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LawTalk, Attorney
Category: Real Estate Law
Satisfied Customers: 37818
Experience:  I have 30 years legal experience. Additionally, in CA I held a Real Estate Broker's license.
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How can I evict my husband from my home, I have a quit clam

Customer Question

How can I evict my husband from my home, I have a quit clam deed on my home?
Submitted: 2 years ago.
Category: Real Estate Law
Expert:  LawTalk replied 2 years ago.
Good afternoon,
I'm Doug, and I'm very sorry to hear of your situation. My goal is to provide you with excellent service today.
It is not possible for one spouse to evict the other from the marital residence. Oregon law will not allow it.
To get him out you will have to file for divorce.
In order to force your spouse to relocate from the marital home, or to pay support either for yourself or your children---if you have any minor children, it will be necessary for you to file for divorce. After doing that, you will want to ask the court to set what is known as a Temporary Hearing. A temporary hearing is a court proceeding held soon after the filing of a divorce action and allows the parties to ask the court to issue orders affecting the other party that will remain in effect, typically until at least the time of the divorce decree.
At that hearing you may ask the judge to order your spouse to move from the marital home, to grant you primary residential custody of the children if there are any of your marriage that are minors, as well as for an order that your spouse pay you both child support, and spousal support/alimony, until at least the entry of the divorce decree.
This is a very critical hearing to ask for. This hearing is not automatic, and if you do not request it, it may never be held. Another important thing to consider is having a local Family Law attorney assist you at this hearing. What occurs at the Temporary Hearing often signals what will happen after the divorce, both in terms of child custody and child support as well as spousal support. It is important for your future that you do well at the Temporary Hearing.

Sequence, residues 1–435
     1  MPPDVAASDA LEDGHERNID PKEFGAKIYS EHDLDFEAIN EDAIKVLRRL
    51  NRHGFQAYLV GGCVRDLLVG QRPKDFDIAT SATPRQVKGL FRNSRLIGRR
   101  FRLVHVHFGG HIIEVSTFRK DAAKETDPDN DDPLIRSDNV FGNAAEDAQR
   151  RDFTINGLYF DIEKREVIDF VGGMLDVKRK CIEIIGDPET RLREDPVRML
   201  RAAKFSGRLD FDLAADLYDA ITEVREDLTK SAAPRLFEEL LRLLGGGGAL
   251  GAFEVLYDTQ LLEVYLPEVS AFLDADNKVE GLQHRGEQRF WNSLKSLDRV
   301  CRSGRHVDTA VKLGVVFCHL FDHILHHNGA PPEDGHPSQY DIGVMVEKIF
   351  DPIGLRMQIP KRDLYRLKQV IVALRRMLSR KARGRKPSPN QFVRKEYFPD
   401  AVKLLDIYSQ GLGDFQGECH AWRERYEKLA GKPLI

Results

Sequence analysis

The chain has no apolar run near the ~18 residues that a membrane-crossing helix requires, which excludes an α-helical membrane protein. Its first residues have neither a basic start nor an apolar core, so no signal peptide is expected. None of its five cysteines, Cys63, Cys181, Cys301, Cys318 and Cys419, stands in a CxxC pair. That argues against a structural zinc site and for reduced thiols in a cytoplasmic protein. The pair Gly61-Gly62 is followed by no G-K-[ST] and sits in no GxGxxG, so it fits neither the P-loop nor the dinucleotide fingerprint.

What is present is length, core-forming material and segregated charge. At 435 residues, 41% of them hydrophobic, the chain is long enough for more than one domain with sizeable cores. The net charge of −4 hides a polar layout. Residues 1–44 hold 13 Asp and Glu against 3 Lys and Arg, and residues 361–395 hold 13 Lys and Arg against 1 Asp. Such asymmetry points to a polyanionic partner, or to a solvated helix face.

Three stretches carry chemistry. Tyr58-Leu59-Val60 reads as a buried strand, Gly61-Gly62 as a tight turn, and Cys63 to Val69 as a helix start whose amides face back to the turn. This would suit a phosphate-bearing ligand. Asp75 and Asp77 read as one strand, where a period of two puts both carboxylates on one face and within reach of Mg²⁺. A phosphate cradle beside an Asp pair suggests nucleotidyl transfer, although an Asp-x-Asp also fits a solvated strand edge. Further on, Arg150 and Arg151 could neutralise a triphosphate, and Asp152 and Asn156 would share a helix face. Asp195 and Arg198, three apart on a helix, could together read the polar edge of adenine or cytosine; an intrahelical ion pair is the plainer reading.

Presuming that you are the primary caretaker of your children, you can expect that the judge will make the temporary order such that you and the children will remain in the home and your husband moves out---this is pretty common and is really in the best interests of the children.
In terms of child support, with 1 child, you can expect the court to award you approximately 20% of your spouse's monthly income, and with 2 children or more, up to 30%.
Depending on the number of years you have been married, and based on the presumed difference in your respective incomes, it is likely that one of you will qualify for spousal support, for at least a number of years.
Issues the court will generally look at in determining spousal support include:
1.The present respective incomes of the parties;
2.The education levels and earning capacities of the parties;
3.The ages and the physical, mental and emotional conditions of the parties;
4.The duration of the marriage;
5. Whether either party will be caring for children of the marriage;
6. The standard of living established during the marriage.
While the amount of spousal support you might be awarded can be virtually impossible to determine based on the facts you have provided, when spousal support is awarded in similar situations it generally amounts to 15% to 25% of the higher earning spouse's income. The duration of spousal support often runs approximately 50% the number of years of the marriage. In long term marriages of 10 years and longer, spousal support can be made permanent by the court---terminating usually on the remarriage of the receiving party or upon their cohabitation with a new partner.
You may reply back to me using the Reply link and I will be happy to continue to assist you until I am able to address your concerns, to your satisfaction.
Kindly, remember to rate my service to you. That is how I am credited for assisting you.
I wish you and yours the best in 2015,

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